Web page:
Mikkel V. Petersen in front of a holographic screen visualising 3D data with realistic depth, which makes the screen content seemingly crawl out of the screen (photo: Tonny Foghmar).

A new visualisation technique based on augmented reality will help neurosurgeons at Aarhus University Hospital in Denmark in the planning of complex surgery and teaching of medical students.

Behind the doors of the ‘HoloLab’ in the basement at Aarhus University Hospital (AUH) you find state-of-the-art augmented reality (AU) equipment. A holographic screen visualising 3D data with realistic depth, which makes the screen content seemingly crawl out of the screen and wireless AR glasses that makes 3D data float in the air like a ‘hologram’.

Mikkel V. Petersen is a post doc at CFIN (Center of Functionally Integrative Neuroscience), a neuroscience research unit at Department of Clinical Medicine at Aarhus University, which has close connections to the neurology departments at AUH. His goal is to integrate AR technology in the visualization of MR and CT scans at Department of Neurosurgery at AUH.

MR and CT scans can be used to e.g., reconstruct 3D models of the cerebral cortex, visualise specific nerve fibers in the white matter of the brain as well as pathological structures. Instead of being attached to a two-dimensional computer screen, these virtual reconstructions can be placed anywhere – on a desk, in the middle of the room or even hovering above the patient during surgery.

AR glasses used in teaching
The wireless AR glasses can be connected and used by more persons to visualise the same hologram of e.g., the anatomy of the brain. This has already proven a unique and valuable tool.

- This new technology gives us a range of options. My goal is that neurosurgeons at AUH will use the AR glasses to visualise the brain anatomy of the individual patient before surgery, says Mikkel Petersen.

- This technique also facilitates learning. Medical students will e.g., be able to see details of the brain anatomy and present different cases where the lecturer together with the students can move freely around the hologram to closely study different structures.

It started with a PhD on Parkinson’s Disease
Mikkel Petersen started a PhD study in 2012 at CFIN on MR scans and fiber tracking in the brain of patients with Parkinson’s Disease. At a conference, he met one of the most influential researchers in Deep Brain Stimulation and Parkinson’s Disease. He invited Mikkel to his laboratory at Case Western Reserve University in the US to help construct a holographic atlas of the brain. Mikkel spent a year in the US at one of the leading laboratories in the world on AR technology in the anatomical area.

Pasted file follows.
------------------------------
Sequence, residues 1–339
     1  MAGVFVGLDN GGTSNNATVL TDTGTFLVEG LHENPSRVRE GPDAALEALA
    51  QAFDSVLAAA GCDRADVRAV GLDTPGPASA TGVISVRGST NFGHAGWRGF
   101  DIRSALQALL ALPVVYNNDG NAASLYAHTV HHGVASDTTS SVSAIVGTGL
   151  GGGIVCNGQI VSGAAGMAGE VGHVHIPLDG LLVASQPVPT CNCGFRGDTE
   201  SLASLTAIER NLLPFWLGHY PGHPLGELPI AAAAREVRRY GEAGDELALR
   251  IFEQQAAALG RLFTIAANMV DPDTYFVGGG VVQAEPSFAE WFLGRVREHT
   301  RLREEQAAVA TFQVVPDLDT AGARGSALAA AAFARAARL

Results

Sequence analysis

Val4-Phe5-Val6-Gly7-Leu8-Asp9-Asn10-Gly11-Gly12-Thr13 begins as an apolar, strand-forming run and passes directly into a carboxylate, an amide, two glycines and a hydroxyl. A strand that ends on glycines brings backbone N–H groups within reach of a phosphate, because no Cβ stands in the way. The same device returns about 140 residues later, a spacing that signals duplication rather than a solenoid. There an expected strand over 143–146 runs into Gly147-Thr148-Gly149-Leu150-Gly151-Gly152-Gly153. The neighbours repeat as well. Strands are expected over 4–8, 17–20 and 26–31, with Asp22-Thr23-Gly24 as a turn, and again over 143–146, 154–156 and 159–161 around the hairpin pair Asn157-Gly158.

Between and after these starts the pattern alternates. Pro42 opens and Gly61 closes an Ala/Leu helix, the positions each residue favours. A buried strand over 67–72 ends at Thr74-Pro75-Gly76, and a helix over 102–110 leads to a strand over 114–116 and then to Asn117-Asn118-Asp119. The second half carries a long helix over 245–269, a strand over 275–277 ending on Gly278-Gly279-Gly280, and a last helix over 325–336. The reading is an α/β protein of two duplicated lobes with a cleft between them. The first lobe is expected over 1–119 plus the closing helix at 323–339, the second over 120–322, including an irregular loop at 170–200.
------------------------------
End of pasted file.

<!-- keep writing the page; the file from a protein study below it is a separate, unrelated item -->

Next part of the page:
In 2020, Mikkel returned to Denmark to study the potentials of using AR technology in 3D visualisation of MR and CT scans in neurosurgery at AUH.

- Right now, I am developing a platform which must be able to receive the data from MR and CT scans and transmit these to AR glasses or a holographic screen located anywhere at AUH, says Mikkel.

According to the plan, the platform will be tested by neurosurgeons in the second half of 2022.

- If clinically relevant, this platform solution will be implemented at Department of Neurosurgery probably in the first half of 2023. After the testing, the platform will be adjusted, and AR glasses will be bought and made available to those involved in teaching activities.

Benefit to other departments at AUH
So far, Mikkel has focused on applying the AR technology to patients with brain tumours undergoing surgery, but he believes the technology can benefit other departments and patients at AUH as well.

- Obviously, the technology can be used in other types of neurosurgery. An improved 3D understanding of the anatomy of the individual patient can help the surgeon during the planning and execution of the surgical procedure, says Mikkel.

In other specialities such as vascular and plastic surgery, the technology can also be applied to closely study and plan complex cases.

- My dream is that HoloLab activities will grow and that the new technology will help doctors, researchers and patients at AUH.


Mikkel V. Petersen’s research project is financed by a funding just above DKK 2 million from Lundbeckfonden.

If you want to read more about the potential of holograms and 3D visualisation in the anatomical area, go to https://case.edu/holoanatomy/ at Case Western Reserve University in the US, which is leading in the development of this technology